Preparing for university is a complicated affair for high school students. Many of them take on extracurricular activities and enriched classes to improve their chances of landing a spot at a top university, while others focus on finding the best fit for themselves. No matter the case, teens face a host of uncertainties as they gear up for one of the most important periods of their lives. beijingkids spoke with four Beijing City International School students, as they shared their thoughts on what is expected of them in high school and the knowledge they hope to gain in their university years.
Thilo Braun, 17, Germany, has been living in Beijing for six years
Anthea Low, 16, Malaysia, has been living in Beijing for five years
Ashley Biack, 15, Cameroon, has been living in Beijing for five years
Jing Hao, 17, China, has been living in Beijing for 10 years
In high school, do you feel there’s a lot of pressure to get into a good university?
Anthea: It depends on what kind of university you want to get into. [There’s more pressure for the ones that are] high in rankings, especially for overachievers.
Jing: I’m going to the US. Hopefully [I’ll] get into the Huntsman Program at the University of Pennsylvania. My parents don’t pressure me, but I care.
Ashley: Do I feel pressured to go to university? Yeah, because my parents want a good future for me. They want me to do my best at school and succeed in life.
Thilo: The pressure you feel here is a lot less than you’d find at other places. Classmates who [went]from the local system into an international school have said that their parents are more lenient here than they would’ve been [in the Chinese schools].
In a way, I’m similar to Jing, because I’m putting more pressure on myself to get into good universities. But at the same time, I have pressure coming from my parents going the opposite way: to get into a cheap university somewhere in Europe and then doing a master’s later on.
In what ways has high school prepared you for university?
Anthea: I think it’s more how [the IB program]has prepared us for university.
Ashley: That’s the better question, I think, because IB has really high standards. Apparently what we’re learning in biology now is first year university stuff. It definitely gets you to work harder and to develop a sense of overachievement, because you have to be the best in this system. You have to.
Thilo: You also need to move away from IB and look at what the school itself does. [With] things such as extracurriculars, there are different leadership opportunities. And also, the [aid]that [BCIS] gives us here in finding a university is very helpful.
What are some of the things you’re doing to prepare for university?
Anthea: Extracurricular activities.
Jing: Study, study, study – extracurricular – study, study, study.
Ashley: Our grade [Grade 11] is where you establish yourself for what you want to do in the future. So it depends on what kind of extracurricular activities you do and what you concentrate on in your studies.
Jing: They say there’s a triangle between social life, academic achievement, and rest – and you can only choose two.
Do you get time to enjoy life?
Anthea: The holidays.
Thilo: It depends on your focus. Some people just procrastinate all the time, and if you procrastinate, of course you’re not going to be able to do [everything you want to do]. If you stay focused and actually do your work, then IB’s not that bad.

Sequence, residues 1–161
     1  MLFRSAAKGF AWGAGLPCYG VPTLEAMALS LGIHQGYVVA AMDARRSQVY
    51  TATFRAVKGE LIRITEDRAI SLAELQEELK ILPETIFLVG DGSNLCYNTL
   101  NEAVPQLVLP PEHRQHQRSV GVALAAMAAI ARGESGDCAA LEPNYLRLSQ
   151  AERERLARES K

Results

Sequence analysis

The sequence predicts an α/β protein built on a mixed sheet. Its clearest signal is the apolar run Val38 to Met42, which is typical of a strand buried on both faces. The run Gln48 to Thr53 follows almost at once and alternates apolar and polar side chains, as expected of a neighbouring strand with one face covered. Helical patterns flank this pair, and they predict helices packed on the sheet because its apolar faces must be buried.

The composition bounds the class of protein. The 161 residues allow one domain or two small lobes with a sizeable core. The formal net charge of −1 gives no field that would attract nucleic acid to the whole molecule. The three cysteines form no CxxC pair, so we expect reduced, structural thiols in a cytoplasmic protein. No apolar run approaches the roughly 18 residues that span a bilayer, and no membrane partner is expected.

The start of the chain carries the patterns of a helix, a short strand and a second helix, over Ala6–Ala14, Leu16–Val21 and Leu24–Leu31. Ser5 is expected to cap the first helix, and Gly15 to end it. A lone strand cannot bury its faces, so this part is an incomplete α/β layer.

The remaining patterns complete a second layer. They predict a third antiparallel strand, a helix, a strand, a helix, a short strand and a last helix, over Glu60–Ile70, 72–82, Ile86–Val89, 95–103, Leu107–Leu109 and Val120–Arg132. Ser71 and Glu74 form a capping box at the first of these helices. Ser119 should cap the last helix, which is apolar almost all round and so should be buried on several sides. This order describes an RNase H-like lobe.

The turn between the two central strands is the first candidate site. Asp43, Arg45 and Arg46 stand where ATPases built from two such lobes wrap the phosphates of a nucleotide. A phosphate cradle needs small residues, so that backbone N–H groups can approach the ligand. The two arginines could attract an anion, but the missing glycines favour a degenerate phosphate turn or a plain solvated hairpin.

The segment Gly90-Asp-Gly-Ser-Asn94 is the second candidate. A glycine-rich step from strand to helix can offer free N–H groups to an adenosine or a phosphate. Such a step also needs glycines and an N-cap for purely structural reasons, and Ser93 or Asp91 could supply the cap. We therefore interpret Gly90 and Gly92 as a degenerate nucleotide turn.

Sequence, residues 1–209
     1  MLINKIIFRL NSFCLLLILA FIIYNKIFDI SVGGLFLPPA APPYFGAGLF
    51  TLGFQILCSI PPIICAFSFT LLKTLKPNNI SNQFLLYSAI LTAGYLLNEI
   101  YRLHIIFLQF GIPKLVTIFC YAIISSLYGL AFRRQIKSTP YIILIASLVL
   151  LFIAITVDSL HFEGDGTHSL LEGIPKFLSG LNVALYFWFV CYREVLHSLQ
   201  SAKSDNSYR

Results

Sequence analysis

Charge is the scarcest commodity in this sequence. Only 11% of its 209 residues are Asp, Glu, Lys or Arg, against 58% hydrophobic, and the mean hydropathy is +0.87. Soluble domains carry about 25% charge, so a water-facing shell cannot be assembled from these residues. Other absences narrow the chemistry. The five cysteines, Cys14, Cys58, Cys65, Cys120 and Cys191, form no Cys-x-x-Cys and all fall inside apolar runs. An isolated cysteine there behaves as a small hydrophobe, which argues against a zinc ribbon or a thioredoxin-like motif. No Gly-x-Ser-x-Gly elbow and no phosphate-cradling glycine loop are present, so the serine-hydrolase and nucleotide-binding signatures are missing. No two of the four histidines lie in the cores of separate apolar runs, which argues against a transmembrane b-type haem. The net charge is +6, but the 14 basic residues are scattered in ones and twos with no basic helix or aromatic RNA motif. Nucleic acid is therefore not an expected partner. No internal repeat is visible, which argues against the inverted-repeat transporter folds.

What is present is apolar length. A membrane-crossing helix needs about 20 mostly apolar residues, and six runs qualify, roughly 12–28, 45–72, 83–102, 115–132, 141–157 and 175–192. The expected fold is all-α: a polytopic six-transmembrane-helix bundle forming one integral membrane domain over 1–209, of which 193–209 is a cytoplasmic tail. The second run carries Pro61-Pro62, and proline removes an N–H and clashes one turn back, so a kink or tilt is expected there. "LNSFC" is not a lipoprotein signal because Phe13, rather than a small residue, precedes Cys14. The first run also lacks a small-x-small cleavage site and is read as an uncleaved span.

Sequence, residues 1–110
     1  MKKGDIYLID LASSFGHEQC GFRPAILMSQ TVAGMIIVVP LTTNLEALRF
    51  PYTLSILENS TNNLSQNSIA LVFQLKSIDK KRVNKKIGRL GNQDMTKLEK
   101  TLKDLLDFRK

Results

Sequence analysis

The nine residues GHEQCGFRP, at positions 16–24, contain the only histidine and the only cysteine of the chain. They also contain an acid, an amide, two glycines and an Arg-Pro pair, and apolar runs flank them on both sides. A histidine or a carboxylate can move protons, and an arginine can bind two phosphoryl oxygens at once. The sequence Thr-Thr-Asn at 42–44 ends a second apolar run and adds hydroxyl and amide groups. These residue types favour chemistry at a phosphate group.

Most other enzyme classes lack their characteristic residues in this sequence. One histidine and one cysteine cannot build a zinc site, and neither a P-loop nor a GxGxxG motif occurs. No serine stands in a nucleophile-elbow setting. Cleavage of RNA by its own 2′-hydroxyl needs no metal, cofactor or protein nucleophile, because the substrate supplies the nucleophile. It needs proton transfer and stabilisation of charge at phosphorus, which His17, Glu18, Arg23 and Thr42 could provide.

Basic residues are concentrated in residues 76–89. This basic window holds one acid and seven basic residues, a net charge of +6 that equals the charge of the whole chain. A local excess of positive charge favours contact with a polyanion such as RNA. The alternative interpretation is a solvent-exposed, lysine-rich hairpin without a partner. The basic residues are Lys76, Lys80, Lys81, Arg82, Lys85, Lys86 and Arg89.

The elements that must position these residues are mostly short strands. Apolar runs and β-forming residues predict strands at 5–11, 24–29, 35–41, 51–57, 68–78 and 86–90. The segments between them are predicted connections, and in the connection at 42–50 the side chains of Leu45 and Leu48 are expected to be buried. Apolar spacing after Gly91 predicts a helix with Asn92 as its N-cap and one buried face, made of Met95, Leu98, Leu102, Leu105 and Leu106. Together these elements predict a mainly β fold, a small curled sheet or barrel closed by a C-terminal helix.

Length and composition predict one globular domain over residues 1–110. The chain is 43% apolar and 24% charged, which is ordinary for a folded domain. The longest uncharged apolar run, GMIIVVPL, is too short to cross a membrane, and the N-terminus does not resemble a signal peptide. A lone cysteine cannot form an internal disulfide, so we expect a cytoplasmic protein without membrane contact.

Anthea: It goes back to your university choice. If you just want to get into college, get a degree, and work afterwards, it doesn’t matter to you if you’re the best or not. But for people who want to get into a good university and possibly a scholarship, they will try to achieve high grades while doing lots of extracurriculars to build their resumes.
Jing: You only need 24 points to pass the IB. But alumni say, if you don’t have at least a 39 or 40 predicted grade [out of 42], don’t even think about applying to an Ivy League.
What do you look forward to the most about university?
Anthea: Part-time work. I’ve heard my mom talk a lot about how she used to work: checking stuff in and out of the shop, and cleaning the cafeteria. Studying and getting work experience at the same time – I find that quite interesting.
Ashley: I’m the complete opposite. My mom has started to prepare me for being independent. I do the dishes [and]clean the house. I hate it right now, but I’m sure it’s going to be very beneficial when I go to university.
Jing: If you graduated from Harvard, you would be recognized and acknowledged as a Harvard graduate. The ranking doesn’t show the full picture, but it defines the person in some ways. Therefore, what I’m anticipating is how [university]prepares me for the future: the onnection, the achievement, the status, all that.
Thilo: I’m going to disagree with Anthea and Jing, and go more with what Ashley said. I’m a senior here, and I’ve become more independent. For example, our common room is completely run by the students and we’re assigned to clean up after ourselves. I don’t think it’s that much about your academics, [but]more about what you actually learn for later [in]life.
What are you most worried about when it comes to university?
Jing: Getting a scholarship.
Anthea: Well firstly, getting into a college, and then how you manage living independently.
Thilo: I think both of those are the least of my worries. My parents are out of the country quite a lot, so half the time I’m living by myself. I [am not worried]about the actual academics, but more about making the right choices and going to a college that makes me happy.
Anthea: After all, they always say you can’t always get into the best university, just the one that fits you.
Ashley: Sometimes, I regret a few of my choices. Like at first, I chose history, and then I switched to art. I wasn’t sure what to do, so […] it’s worrying to know that you could’ve done the other thing better.